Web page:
30 years of fine arts


Jocelyn Brooks, In-Depth Editor

A look into the fine arts of yesterday & tomorrow 

Art is present in the lives of nearly all students in some form or another; whether the individual considers himself an artist or views art from an audience’s perspective.

Music, visual art, and theatre play an important role in society and are the driving force of culture, especially for students.

“It’s understanding who they are as an individual and understanding what they’re going through and what they are possibly trying to share without actually verbalizing what it is,” art teacher Mindy Le-Jeune said.

A common characteristic of fine arts programs at Bowie is their drastic growth in the numbers over the years.

“The jazz program had 12 students when I started here; it now has about 70,” band director Ryan Thomas said. “Steel drums was a single class with about 20 and it is now three classes with about 60.”

The influx of students has encouraged more opportunities for involvement in music and experiment with different styles of learning, which has led to the creation of more programs offering diverse music education.

“The band program has worked hard to keep up with modern ideas about what’s important for students’ growth as well as what it takes to stay successful in a competitive band activity,” Thomas said.

However, band inspired the making of other music classes.

“One of the major changes in the program over the years has been developing areas other than the marching band to provide more options for students to get involved in music,” Thomas said. “In addition to the marching band, we offer five concert band classes, two percussion classes, two color guard classes, three jazz band classes, three steel drum classes, and two chamber winds classes.”

Not only do these classes include the music, but other programs in the department have incorporated musical performance.

“Students also participate in full orchestra, region bands, the school musical, and lots of other small performances,” Thomas said.

In addition, deeper relationships between the programs have developed, strengthening the individual programs as well as the fine arts department.

“One of the things that I’m just super excited about is the level of collaboration that we currently have between the strands,” choir teacher Randy Cantu said. “That element I think has really really come a long way since I’ve been here and to tell you the truth, it’s one of the best parts of this job.”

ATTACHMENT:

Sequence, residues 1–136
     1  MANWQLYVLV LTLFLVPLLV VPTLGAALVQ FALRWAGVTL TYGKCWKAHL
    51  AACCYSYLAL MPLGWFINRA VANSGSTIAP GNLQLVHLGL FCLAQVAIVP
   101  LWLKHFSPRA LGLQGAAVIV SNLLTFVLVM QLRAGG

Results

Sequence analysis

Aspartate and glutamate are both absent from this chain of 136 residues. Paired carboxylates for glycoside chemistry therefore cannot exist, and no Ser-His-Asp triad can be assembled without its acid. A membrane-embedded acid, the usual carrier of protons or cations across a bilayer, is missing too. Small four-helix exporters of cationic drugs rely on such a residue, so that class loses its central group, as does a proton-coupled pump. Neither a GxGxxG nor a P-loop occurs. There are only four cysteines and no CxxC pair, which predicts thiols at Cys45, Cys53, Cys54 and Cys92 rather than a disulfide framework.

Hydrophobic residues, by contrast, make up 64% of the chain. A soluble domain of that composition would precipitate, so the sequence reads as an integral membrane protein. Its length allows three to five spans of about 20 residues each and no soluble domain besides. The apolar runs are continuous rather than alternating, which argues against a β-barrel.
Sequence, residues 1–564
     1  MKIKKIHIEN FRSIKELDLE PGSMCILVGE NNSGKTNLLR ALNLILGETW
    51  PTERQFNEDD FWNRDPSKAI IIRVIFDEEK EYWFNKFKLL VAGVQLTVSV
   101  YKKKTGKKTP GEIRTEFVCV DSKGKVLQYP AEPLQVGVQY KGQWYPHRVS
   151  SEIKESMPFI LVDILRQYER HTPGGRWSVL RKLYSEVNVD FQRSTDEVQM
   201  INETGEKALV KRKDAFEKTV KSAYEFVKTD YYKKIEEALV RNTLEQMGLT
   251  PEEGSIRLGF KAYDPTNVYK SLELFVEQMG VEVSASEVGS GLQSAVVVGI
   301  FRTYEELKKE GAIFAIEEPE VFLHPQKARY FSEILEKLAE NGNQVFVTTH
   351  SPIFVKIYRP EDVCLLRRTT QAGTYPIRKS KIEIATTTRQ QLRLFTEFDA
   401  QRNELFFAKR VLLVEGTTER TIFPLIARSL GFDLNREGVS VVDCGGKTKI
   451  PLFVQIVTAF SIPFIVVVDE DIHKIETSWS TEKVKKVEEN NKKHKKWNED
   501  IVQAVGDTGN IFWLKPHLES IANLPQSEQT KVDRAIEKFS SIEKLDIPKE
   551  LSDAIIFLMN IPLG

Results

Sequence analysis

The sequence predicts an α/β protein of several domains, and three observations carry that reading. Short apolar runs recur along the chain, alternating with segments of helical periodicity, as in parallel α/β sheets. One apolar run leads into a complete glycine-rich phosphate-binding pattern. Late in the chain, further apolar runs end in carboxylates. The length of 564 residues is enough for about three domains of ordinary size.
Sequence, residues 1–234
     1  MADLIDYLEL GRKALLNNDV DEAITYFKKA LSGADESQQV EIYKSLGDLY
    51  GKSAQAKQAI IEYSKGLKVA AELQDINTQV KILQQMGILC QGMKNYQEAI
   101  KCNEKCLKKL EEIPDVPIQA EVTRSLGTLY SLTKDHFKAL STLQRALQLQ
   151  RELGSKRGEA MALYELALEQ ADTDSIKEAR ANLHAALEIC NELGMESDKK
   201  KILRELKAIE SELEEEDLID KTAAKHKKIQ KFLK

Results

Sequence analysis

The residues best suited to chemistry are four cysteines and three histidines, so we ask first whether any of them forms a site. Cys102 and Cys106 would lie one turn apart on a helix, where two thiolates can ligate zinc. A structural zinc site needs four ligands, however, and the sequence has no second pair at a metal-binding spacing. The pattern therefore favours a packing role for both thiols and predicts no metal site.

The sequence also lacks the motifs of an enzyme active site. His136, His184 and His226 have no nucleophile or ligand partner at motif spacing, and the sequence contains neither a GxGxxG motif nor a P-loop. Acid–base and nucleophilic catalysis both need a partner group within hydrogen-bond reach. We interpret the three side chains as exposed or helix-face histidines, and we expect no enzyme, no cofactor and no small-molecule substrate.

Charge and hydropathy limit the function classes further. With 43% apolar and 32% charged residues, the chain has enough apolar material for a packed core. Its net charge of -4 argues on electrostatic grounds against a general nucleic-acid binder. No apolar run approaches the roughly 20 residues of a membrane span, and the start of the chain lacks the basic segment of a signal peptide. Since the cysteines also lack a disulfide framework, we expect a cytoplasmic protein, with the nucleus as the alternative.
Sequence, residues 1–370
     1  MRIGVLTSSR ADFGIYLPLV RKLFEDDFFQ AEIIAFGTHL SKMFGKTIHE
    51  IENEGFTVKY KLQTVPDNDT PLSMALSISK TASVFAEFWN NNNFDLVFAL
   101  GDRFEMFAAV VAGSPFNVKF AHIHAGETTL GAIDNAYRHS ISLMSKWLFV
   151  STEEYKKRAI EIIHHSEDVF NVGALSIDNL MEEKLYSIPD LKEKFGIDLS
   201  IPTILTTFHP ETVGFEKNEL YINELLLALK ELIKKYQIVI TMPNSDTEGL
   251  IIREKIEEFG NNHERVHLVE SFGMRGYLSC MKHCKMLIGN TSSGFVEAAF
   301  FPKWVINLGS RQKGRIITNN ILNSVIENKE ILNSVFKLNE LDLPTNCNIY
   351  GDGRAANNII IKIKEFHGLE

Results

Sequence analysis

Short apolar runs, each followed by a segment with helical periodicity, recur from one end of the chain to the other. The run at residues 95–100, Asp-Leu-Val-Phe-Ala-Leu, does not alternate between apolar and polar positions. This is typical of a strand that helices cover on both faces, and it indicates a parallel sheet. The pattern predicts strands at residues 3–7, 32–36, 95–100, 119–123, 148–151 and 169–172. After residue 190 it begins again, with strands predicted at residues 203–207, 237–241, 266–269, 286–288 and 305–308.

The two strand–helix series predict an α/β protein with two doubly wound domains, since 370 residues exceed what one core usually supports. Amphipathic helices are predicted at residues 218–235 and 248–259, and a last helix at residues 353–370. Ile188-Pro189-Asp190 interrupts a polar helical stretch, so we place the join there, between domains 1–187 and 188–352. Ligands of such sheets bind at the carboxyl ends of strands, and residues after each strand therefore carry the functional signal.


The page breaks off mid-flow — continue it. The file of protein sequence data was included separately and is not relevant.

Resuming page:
As these programs have grown and developed, they have earned their place at Bowie through the extensive awards being won.

“In the two years that I’ve been here, we’ve done things that haven’t been done in the history of the school,” orchestra teacher David Chisum said. “Last year the non-varsity orchestra made sweepstakes at both full orchestra and string orchestra—that hadn’t happened before.”

But while the awards continue to increase, the fine arts programs also promise to build character and contribute to who students will become as a person.

“We at Bowie are not expecting all of our students to become famous or to win multiple awards in the few contests in which we compete,” theatre teacher Betsy Cornwell said. “We only hope that they will become good people because they have learned about creative expression, collaboration, and communication; they develop leadership skills and learn what it means to be responsible and have a good work ethic.”

This character is evident in alumni Jordan Barron, who graduated in 2012 and has since continued his career in musical theatre in New York, appearing in numerous productions such as Austin’s very own “A Christmas Carol” at ZACH Theatre.

“Bowie’s theatre program really provides great opportunities to explore different styles of performing and acting,” Barron said. “Coming from music, it was great to be thrown into situations that were acting central.

Teachers like Cornwell and Bazan are the ones who have helped shaped the programs into what they are today.

“The teachers in the fine arts departments really create an environment that makes you challenge yourself and learn,” Barron said. “It’s a place to test yourself and the opportunities are top notch and in abundance.”

Pushing students to challenge themselves is hard work, but the end result leaves them as better artists and performers.

“The most rewarding thing is getting to see people grow,” Cantu said. “It’s getting to see people not only grow as musicians but grow as individual people, seeing them discover things about themselves, seeing them discover ways to handle both success and challenge in life.”

Not only that, but fine arts programs at Bowie have done what art does best: grown and evolved with society to create powerful emotions that grab hold of the audience and change the way the world is viewed.

“There was a study done in the UK that found that the heartbeats of audience members at theatrical performances very often become synchronized due to levels of emotion, excitement, etc,” Barron said. “So often we are all involved in our own worlds and devices, but if our minds and bodies can drop that and ‘live’ in the now, even for a moment because of what the performers and audience are sharing, the feeling is unbeatable.”

Photos By Carrie Burkett, June Johnson, and Amber Sturtz


If you enjoyed this story, please consider revisiting the previous installment of 30 years:

30 years of sports


If you enjoyed this story, please consider reading the next installment of 30 years:

30 years of student life